When this mission is intentionally overshadowed by ultra-conservative culture warfare and liberalism bashing, because of its better online virality and reach, then one clearly fails in his mission. Forgetting that oligarchy, social inequality and poverty, unbounded capitalism and its libertarian apostles are the villains we should fight against, and not gays, feminists or climate activists. Never in history and nowhere on earth did cultural warfare, hate and homo- or xenophobia help build a functioning welfare state, and support people in hard times. It is a dead end for Social Democracy, be it in the West, the East, the North or the South. And when, if not in these times of polycrisis and omnipresent social anxiety is a better time to postulate the agenda of a capable, agile, investing and redistributing welfare state, protecting and helping people in uneasy times as the main dividing line of political conflict for the years ahead? This conflict line is good politics, and it clearly is good policy. Especially in a state with these huge challenges ahead, the necessity of a new growth model, sustainable and socially balanced climate and energy policies, and massive regional development, in a state where a well-functioning public sector, from health to education, public transport, regional development, social services, housing affordability and so on, offers plenty of room for improvement. ‘Our people’, as the head of the Austrian SPÖ uses to call them, people without wealth and privilege deserve solution politics to improve their chances for a good life. Shared or amplified anger brings exactly zero benefits to their everyday lives. And for that matter, anger and blame gaming is the worst government programme one could imagine. So whatever government coalition the post-election negotiations produce, our country and its representatives, should, mentally and physically, switch from campaigning to solution mode. In the end, that is what they are paid for.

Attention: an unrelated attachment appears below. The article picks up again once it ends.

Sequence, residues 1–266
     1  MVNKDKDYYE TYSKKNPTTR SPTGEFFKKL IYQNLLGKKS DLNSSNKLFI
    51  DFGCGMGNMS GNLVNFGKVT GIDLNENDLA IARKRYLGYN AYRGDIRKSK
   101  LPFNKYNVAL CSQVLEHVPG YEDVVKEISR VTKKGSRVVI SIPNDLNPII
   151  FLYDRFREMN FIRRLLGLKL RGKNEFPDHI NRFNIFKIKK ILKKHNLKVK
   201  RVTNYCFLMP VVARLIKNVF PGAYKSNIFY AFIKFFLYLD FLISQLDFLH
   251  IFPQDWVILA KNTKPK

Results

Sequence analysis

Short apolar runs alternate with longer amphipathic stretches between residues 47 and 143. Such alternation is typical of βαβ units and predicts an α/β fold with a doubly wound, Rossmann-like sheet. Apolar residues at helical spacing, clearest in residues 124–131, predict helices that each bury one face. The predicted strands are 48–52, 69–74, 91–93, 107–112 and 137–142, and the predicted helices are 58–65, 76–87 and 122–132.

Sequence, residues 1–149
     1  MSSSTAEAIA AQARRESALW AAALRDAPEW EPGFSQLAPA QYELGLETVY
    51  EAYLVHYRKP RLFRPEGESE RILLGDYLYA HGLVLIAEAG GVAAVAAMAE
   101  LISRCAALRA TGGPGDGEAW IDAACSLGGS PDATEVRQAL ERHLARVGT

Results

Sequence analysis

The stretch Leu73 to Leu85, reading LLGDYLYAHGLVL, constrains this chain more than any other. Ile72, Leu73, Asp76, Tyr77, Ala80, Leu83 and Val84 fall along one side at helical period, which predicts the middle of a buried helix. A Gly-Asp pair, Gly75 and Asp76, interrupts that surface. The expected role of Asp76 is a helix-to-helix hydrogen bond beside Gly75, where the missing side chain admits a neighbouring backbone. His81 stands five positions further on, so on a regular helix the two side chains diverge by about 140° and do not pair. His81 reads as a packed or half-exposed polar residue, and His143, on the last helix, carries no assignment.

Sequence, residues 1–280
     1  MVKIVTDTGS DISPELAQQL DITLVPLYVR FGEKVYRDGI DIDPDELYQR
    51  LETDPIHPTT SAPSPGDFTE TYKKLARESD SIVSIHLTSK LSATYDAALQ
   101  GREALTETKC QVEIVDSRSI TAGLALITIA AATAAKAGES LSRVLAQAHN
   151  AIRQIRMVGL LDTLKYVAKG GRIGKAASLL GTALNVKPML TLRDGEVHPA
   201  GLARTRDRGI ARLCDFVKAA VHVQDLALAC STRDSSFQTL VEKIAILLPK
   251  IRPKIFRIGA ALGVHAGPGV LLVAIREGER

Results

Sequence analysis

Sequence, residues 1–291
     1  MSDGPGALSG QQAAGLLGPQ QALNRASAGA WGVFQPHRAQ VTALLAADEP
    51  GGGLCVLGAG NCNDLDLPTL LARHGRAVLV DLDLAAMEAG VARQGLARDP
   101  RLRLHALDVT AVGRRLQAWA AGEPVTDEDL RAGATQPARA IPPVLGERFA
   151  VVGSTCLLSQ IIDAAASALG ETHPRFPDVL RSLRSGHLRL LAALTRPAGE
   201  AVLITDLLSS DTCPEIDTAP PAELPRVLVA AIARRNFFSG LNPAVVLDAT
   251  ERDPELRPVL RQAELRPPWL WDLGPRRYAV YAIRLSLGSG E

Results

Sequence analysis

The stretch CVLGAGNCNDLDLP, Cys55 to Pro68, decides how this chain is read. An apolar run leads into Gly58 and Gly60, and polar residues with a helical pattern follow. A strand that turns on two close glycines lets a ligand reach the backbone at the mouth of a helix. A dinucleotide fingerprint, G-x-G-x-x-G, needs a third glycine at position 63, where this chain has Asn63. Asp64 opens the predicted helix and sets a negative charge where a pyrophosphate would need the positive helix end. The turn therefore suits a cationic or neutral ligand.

*The expressed opinions represent the personal views of the author, not of Friedrich Ebert Stiftung, Slovakia.

Photo credits: Shutterstock/ bwagner99

Find all related publications
Publications
24/01/2024

Progressive Yearbook 2024

Looking back to look ahead
18/07/2019

To inspire Europe

Insights from the success story of social democracy in Spain
29/05/2019

The European elections 2019: 10 observations on how they made a difference and will resonate further on

Find all related events
Events
Past
11/06/2024
Online

Analytical Conference – Progressive Pollsters Network

The European Elections 2024: the expected, the unexpected and the path forward
04/04/2024
FEPS HQ (Expert meeting)

Ahead and beyond the elections

What are the major European political and social trends in 2024
21/03/2024
European Parliament (Hybrid)

The likely political and policy consequences of the EP 2024 elections

Next Left Lecture IV with Prof. Simon Hix
Find all related news
News
04/03/2024

FEPS at the PES Election Congress in Rome

Find all related in the media
In the media

Total honesty and far-right lies

by IPS Journal 04/12/2023
Dive into the insightful analysis published in IPS Journal by Tom Theuns, Assist. Prof at Leiden University, and László Andor, FEPS Secretary General, examining the Dutch election results and the conclusions that need to be drawn for a successful EU Integration